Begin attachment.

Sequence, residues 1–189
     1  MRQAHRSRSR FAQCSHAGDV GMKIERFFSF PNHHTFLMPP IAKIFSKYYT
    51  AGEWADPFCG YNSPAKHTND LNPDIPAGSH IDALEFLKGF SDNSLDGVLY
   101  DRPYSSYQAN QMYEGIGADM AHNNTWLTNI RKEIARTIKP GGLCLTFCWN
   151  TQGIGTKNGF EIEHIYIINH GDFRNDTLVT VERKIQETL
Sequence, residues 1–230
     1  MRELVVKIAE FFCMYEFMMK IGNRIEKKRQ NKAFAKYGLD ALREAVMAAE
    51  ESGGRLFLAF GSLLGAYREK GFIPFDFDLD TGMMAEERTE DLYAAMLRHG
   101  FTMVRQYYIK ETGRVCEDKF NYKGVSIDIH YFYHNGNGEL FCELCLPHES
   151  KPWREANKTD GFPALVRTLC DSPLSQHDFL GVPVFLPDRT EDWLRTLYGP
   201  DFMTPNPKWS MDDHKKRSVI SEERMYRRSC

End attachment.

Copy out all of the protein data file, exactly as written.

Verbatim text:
Sequence, residues 1–189
     1  MRQAHRSRSR FAQCSHAGDV GMKIERFFSF PNHHTFLMPP IAKIFSKYYT
    51  AGEWADPFCG YNSPAKHTND LNPDIPAGSH IDALEFLKGF SDNSLDGVLY
   101  DRPYSSYQAN QMYEGIGADM AHNNTWLTNI RKEIARTIKP GGLCLTFCWN
   151  TQGIGTKNGF EIEHIYIINH GDFRNDTLVT VERKIQETL
Sequence, residues 1–230
     1  MRELVVKIAE FFCMYEFMMK IGNRIEKKRQ NKAFAKYGLD ALREAVMAAE
    51  ESGGRLFLAF GSLLGAYREK GFIPFDFDLD TGMMAEERTE DLYAAMLRHG
   101  FTMVRQYYIK ETGRVCEDKF NYKGVSIDIH YFYHNGNGEL FCELCLPHES
   151  KPWREANKTD GFPALVRTLC DSPLSQHDFL GVPVFLPDRT EDWLRTLYGP
   201  DFMTPNPKWS MDDHKKRSVI SEERMYRRSC